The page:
Dragon flies swoop in front of me, their flitting a distraction from the Tarzan jungle in front of me. There’s something so primeval about the jungle, full of sharp-tipped leaves and wiggly snakes, thick roots struggling for traction in rotting humus and the spark of white when an ibis or an egret swoops down to snap up fish jumping from crystalline blue water.
A walk in the woods recalls, of course, the famous American author Henry David Thoreau, lionized for his thoughts on Nature: “For every walk is a sort of crusade, preached by some Peter the Hermit in us, to go forth and reconquer this Holy Land from the hands of the Infidels.” The infidels being those who would despoil the land for a wad of greenbacks in their wallet and a long line of zeros separated by commas in their bank account.
A walk in the Florida’s woods and unspoiled natural areas brings on bittersweet memories. And fears.
Today Florida’s natural habitats face destruction so severe that I wonder what will remain in twenty years. Or even what I will see in five years’ time when I drive along the Gulf Coast, when I walk out on the Anna Maria pier, when I step over gnarled cypress knees in the Big Cypress Natural Preserve. The riches, the flora and fauna, of the Everglades may well go the way of the ghost orchid. Industries such as cattle ranching and sugar cane farming threaten North Florida’s pristine springs. Rapacious developers seem to hug singer Joni Mitchell’s lyrics to their hearts:
They paved paradise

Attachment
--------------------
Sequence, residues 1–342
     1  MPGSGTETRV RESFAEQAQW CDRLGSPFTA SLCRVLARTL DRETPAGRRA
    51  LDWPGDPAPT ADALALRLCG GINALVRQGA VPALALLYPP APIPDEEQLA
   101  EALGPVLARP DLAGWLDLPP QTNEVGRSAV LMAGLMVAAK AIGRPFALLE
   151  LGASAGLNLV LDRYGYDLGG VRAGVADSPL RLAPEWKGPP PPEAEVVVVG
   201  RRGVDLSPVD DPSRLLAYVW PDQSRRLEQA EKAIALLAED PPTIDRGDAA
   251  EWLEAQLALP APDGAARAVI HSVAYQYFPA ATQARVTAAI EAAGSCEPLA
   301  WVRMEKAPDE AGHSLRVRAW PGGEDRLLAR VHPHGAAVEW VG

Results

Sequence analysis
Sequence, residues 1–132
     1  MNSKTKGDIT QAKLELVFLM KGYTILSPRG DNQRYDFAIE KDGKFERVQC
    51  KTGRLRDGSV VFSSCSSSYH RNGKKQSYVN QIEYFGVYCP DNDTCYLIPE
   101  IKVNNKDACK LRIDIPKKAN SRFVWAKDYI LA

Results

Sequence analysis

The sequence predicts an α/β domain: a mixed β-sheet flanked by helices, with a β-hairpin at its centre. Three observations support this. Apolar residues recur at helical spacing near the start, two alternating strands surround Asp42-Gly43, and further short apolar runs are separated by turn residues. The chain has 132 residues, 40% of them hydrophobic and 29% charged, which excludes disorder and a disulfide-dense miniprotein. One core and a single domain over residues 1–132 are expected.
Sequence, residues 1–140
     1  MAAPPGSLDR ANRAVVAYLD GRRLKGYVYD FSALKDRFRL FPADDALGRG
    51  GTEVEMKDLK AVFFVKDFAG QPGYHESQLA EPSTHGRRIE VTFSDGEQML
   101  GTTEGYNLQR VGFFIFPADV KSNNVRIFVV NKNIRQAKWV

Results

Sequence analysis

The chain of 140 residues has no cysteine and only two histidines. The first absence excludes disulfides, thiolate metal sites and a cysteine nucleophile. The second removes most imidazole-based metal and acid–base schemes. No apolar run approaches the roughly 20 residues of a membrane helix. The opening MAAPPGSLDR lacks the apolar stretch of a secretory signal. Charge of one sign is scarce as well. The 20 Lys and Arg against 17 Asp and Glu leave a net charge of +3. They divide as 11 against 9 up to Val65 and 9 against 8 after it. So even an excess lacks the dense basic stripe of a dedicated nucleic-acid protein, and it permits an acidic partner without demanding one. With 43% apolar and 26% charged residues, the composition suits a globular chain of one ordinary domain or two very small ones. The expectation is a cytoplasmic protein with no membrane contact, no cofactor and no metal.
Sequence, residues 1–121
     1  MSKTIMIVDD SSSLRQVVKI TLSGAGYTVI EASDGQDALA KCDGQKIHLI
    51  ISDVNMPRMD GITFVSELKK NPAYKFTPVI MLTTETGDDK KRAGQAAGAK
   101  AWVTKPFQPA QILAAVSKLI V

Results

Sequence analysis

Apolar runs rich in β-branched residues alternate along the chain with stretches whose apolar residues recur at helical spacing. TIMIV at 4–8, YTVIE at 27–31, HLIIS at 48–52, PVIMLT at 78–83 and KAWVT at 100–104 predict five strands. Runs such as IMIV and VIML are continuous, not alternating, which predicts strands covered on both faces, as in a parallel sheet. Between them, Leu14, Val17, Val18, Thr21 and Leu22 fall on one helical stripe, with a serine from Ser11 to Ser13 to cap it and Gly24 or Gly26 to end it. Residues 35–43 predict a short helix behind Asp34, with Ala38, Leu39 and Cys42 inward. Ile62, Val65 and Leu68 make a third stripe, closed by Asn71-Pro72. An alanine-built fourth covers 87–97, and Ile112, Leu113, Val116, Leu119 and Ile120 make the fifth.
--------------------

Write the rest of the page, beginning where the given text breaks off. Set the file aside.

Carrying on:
And put up a parking lot
With a pink hotel *, a boutique
And a swinging hot spot
And this, from author Annie Proulx’s National Book Awards speech:
The ferocious business of stripping the earth of its flora and fauna, of drowning the land in pesticides again may have brought us to a place where no technology can save us. I personally have found an amelioration in becoming involved in citizen science projects. This is something everyone can do. Every state has marvelous projects of all kinds, from working with fish, with plants, with animals, with landscapes, with shore erosion, with water situations.
The old deserted and abandoned places, towns and crossroads where once the men sat on porches and spit tobacco, told yarns, eyed strangers driving by, these places testify to losses wrought by development, by “progress.” In these places where strangers once bought bottles of Coca-Cola for 10 cents and watched as the grease monkey pumped their gas, the jungle now sends out tendrils, vines as thick as a circus strongman’s thigh, leaves as wide as an elephant’s ear. When left unmolested, Mother Nature reclaims what is hers.
Think for a moment of the Roman goddess of Nature, Tellus Mater. My tongue in my cheek, taking liberties that no scholar would endorse, I deconstruct her name to “Tell us, Mother.”
And she is telling us. Fire, floods, winds, and scorching heat, those all emanate from her furious voice.
Mother Nature reclaims humankind’s follies. Like most mothers, she warns her reckless young of the consequences. And, when her voice goes unheeded, she takes away the toys, the playgrounds, and the pleasures of the misguided … .
I, for one, wish to see dragonflies darting forever over clean, bubbling springs, ibises scrunching along the banks, seeking insects in the muck below cypress knees.